COLUMBIA — Smokers on MU's campus likely will be putting out their cigarettes sooner than expected: Students, faculty and staff are voting to move implementation of the campus smoking ban to July 1, 2013.
The Staff Advisory Council, the Missouri Students Association, the Residence Halls Association, the Legion of Black Collegians and theGraduate Professional Council have all voted in favor of changing implementation from Jan. 1, 2014 to next summer. Faculty Council is the last to vote and is still discussing via email the proposed new date, but Chair Harry Tyrer said it is likely that the council will vote in favor to approve the change.
"The reason for changing it to six months earlier is that it's less obtrusive to students," Tyrer said. By changing the date to mid-summer, "students are probably better off, knowing that there is no smoking on campus than going halfway through the year and someone says, hey, there's no smoking on campus."
In February, the student association initiated the discussion of an earlier smoking ban and approached three other student organizations. The students later contacted administrators after passing a resolution in the student association Senate in March to ban smoking by January 2013. The groups negotiated and agreed that the summer of 2013 was the better option.
“I think it will be an easier transition than we think,” MU Wellness Resource Center Director Kim Dude said. “Any time there is a change, there is a little bit of resistance. Basically, once people know what the policies are, they will abide by them."
Dude said that students have wanted to implement the ban for a while, and that university and college campuses nationwide are becoming smoke-free as a part of a growing trend. According to Americans for Nonsmokers' Rights, 774 campuses are now smoke-free and 562 of these campuses are tobacco-free.
About 14 percent of college students are regular tobacco users and these numbers are comparable to smokers on MU's campus, said Wellness Resource Center Coordinator Tiffany Bowman.
MSA President Xavier Billingsley said MU has fallen behind other universities and colleges in becoming smoke-free because limiting smoking in stages was ineffective.
“Essentially, what we did is we wanted to make it clear-cut that you can't smoke on campus, and we don't want to have these zones again because it is kind of confusing,” Billingsley said. “We believe people will be more attentive to what they can or cannot do."
The transition to a smoke-free campus began in 2009 when smokers were no longer allowed to light up in university buildings or within 20 feet of entrances. Smokers on campus today can only smoke in areas around 15 designated urns, in parking lots, or on top of parking garages. MU Health Care property has been smoke-free since 2006.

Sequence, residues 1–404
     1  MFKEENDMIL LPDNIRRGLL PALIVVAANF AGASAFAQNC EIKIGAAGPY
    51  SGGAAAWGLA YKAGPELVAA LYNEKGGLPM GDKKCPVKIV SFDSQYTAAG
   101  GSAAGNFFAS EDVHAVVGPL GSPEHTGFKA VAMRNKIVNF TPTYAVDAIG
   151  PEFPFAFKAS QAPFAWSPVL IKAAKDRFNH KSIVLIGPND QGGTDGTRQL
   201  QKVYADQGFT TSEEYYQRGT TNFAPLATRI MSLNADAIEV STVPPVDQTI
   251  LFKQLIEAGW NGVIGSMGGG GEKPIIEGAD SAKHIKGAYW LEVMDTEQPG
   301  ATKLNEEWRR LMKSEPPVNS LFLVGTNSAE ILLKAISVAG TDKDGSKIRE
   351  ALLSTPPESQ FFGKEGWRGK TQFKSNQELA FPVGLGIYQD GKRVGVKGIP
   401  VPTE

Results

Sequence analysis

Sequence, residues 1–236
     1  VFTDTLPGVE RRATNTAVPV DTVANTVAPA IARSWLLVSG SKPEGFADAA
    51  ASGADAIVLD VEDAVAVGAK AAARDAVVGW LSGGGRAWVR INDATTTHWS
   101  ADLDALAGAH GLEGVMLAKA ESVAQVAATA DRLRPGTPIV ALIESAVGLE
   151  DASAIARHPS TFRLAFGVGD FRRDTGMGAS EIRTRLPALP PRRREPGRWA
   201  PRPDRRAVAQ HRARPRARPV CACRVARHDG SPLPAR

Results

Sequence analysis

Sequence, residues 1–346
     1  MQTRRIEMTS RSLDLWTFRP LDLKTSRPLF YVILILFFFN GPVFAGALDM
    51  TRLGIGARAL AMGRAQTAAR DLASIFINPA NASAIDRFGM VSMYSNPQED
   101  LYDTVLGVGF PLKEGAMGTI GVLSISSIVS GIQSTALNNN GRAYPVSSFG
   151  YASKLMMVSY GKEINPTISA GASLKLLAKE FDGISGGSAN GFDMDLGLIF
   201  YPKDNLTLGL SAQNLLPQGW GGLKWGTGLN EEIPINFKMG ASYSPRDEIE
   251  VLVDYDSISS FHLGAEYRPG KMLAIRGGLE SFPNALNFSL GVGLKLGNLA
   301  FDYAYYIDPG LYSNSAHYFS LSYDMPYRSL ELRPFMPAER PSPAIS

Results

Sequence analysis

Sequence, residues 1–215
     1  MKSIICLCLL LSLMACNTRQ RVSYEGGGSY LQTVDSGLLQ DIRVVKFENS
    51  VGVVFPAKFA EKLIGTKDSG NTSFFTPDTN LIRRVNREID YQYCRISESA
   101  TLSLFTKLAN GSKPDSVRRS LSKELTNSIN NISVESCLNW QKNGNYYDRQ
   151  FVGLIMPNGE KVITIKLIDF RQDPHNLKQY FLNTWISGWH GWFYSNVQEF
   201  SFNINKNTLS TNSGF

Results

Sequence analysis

The upcoming smoking ban will affect everyone on the MU campus,"including visitors, faculty, staff, volunteers, students, alumni, contractors and service representatives," according to the policy posted on the university's website. The policy states that smokers who violate the rules are to be reported to a department dean or building manager at the closest building, and employees to their supervisors or Human Resources. Administrators have not yet decided the consequences for violators of the policy once the ban starts, Billingsley said.
“Anybody who commutes and walks around campus will be most affected,” Billingsley said. “It just cleans the air, and it's not a health issue; it's about the general common space for everyone who is here at Mizzou.”
MU Student Center restaurant manager Debbie Patterson has been a smoker for the last 30 years but does not think the new implementation date for the smoking ban will be a problem.
“I support the policy,” Patterson said, laughing to herself as she took another drag during a midday smoke break. “It’s better for your health, better for your pocket, better for a lot of reasons."
In her view, the current smoking areas are not effective and are inconsiderate to nonsmokers. She said she wishes the ban would become effective even sooner — in less than six months.
“We've known about this for a year and half now,” Patterson said. “Why didn't they just make it one phase? I think a lot of people would have quit cold turkey.”
But she's not one of them. Although she said she's not planning to quit, she'll be OK surviving an eight-hour shift without a cigarette.
University of Missouri System Wellness Program Director Laura Schopp, who supported the earlier implementation and asked Faculty Council to get on board, said that regardless of when the ban comes into effect, people still need to be educated about the policy and campus cessation services.
“Our end of it through the Wellness Program is to support people through that change when it happens,” Schopp said.
A Missouri Foundation for Health grant currently funding the Wellness Resource Center’s smoking-cessation program, which includes one-on-one therapy and nicotine replacement therapy, ends in April 2013. Dude said implementing the ban earlier might give smokers a greater sense of urgency about seeking help before the funding runs out.
“I think there is a lot of support for the policy, and I think that the sooner we can do it the better,” Dude said.